BOB GARFIELD:
Shortly thereafter, the British press began to report that the heroic details had been fabricated. As one hospital employee told the BBC -
[CLIP]
HOSPITAL EMPLOYEE:
We surprised at that time. Why they do this? There is no military, no Iraqi soldier in the hospital.
[END CLIP]
BOB GARFIELD:
Yes, the Pentagon's feel-good story was exposed as a lie. But, as Brooke observed in her interview with documentarian Sandy Smith, the truth emerged at the wrong moment to generate much outrage.
BROOKE GLADSTONE:
Now, partly it's because the war is over. But I wonder whether you think there may be another reason why there's no great rush to correct the record.
SANDY SMITH:
What Jessica Lynch played to was the overwhelming feeling of relief in America that we were doing okay. It wasn't as bad as it looked like –
[OVERTALK]
BOB GARFIELD:
Wait. Wait, wait, wait. Did she say the war is over - in May, 2003? Well, yeah. But believe me, she had that on good authority.
[CLIP]
PRESIDENT GEORGE BUSH:
My fellow Americans, major combat operations in Iraq have ended. In the battle of Iraq, the United States and her allies have prevailed.
[APPLAUSE AND CHEERS]
[END CLIP]
BOB GARFIELD:
The President flew in by fighter jet, tail-hooking to the aircraft carrier U.S.S. Abraham Lincoln and declaring mission accomplished. The only problem was the mission wasn't accomplished.

Three weeks later, I asked New York Times White House correspondent Elizabeth Bumiller whether we should be concerned about a government better at spectacle than at truth, one that conceals harsh and complex reality beneath martial and vainglorious imagery along Leni Riefenstahl lines.
ELIZABETH BUMILLER:
I don't perhaps think it's as dangerous as you think it is. I just think it's American politics. To be a successful politician you have to be good on television. We've known that for many decades now.
BOB GARFIELD:
Now, see, I wouldn't say dangerous. I would just say vaguely creepy – at taxpayer expense.
ELIZABETH BUMILLER:
Well, I'm [LAUGHS] not going to say that. I don't know – what is the alternative? If you're the president, you know, and you're going to be on television, they've got to shine a light on you because otherwise you're not going to be seen. Where would you draw the line?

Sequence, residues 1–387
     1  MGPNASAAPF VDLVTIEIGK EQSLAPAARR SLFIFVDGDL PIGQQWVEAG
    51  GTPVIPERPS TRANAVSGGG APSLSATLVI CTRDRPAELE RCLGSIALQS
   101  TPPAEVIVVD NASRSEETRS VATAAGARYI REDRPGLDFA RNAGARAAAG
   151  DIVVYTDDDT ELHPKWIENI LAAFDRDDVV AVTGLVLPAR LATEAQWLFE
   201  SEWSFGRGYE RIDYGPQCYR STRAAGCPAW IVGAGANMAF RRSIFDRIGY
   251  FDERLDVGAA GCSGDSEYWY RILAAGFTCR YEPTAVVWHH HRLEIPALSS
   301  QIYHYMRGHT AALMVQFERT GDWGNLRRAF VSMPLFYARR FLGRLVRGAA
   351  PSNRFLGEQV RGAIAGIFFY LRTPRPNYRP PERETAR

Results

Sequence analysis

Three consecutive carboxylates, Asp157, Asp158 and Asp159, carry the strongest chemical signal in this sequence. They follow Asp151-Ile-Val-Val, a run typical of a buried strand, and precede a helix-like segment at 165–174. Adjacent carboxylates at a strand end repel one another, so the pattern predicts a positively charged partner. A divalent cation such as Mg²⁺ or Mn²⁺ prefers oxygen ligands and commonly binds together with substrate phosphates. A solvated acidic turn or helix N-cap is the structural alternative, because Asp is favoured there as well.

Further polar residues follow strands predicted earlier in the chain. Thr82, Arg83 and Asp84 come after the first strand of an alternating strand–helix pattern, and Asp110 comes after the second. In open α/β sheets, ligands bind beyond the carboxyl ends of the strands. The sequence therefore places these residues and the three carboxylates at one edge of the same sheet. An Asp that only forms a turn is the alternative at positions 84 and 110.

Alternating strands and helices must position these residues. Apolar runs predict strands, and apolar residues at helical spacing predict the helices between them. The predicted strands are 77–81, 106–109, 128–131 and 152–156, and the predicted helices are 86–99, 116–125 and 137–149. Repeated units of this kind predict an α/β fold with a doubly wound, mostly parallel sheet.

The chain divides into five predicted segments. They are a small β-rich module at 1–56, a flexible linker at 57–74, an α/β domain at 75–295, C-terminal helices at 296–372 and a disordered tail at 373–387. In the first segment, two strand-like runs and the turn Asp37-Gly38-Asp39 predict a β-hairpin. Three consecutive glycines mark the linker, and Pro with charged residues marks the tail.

BOB GARFIELD:
I don't know. But I do know it has long since been crossed by an administration that spun Corporal Pat Tillman’s friendly fire death in Afghanistan as Silver Star heroism; that barred the media from photographing the arrival of coffins at Dover Air Force Base lest the human toll of the war be too forcefully rendered; that promoted a candid and unscripted Q&A between the President and U.S. soldiers in Iraq, only to deliver – this.
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PRESIDENT GEORGE BUSH:
Can you give us a sense for the reception of the people there in Tikrit toward coalition forces, as well as the Iraqi units that they encounter?
CAPTAIN DAVID WILLIAMS:
Sir, in North Central Iraq, voter registration is up 17 percent. That's 400,000 new voters in North Central Iraq and 100,000 new voters in the al-Salahuddin province.
[END CLIP]
BOB GARFIELD:
This time, though, thanks in part to some careless satellite transmission from the Pentagon, the press was on to the con and said so on the evening news. NBC's Andrea Mitchell.
[CLIP]
ANDREA MITCHELL:
The White House had said the exchange would be spontaneous, but there was something they did not expect you to see. The troops were coached on how to answer the commander-in-chief.

This is Allison Barber. She works for the Pentagon.
ALLISON BARBER:
Master Sergeant Lombardo, when you're talking about the President coming to see you in New York, take a little breath before that so you can actually be talking directly to him.
[END CLIP]
BOB GARFIELD:
This was not 2003. It was October 2005. A chastened press corps had begun to express the skepticism and even indignation that it had suppressed, or underplayed, or was duped out of for the first half of the war.

As for the administration, well, to stage fiction you need willing suspension of disbelief. And that is long gone. On Wednesday, extolling his war achievements, the President once again invoked the name al Qaeda – 14 times, in fact. And, once again, he claimed he was defending our shores.
[CLIP]
PRESIDENT GEORGE BUSH:
Because we acted, the world is better and the United States of America is safer.
[END CLIP]
BOB GARFIELD:
But nowadays, as someone once said, this will not stand. In the news coverage of the President's speech, any linkage between Iraq and 9/11 was delicately but conspicuously debunked – about six and a half years too late – but better late than never.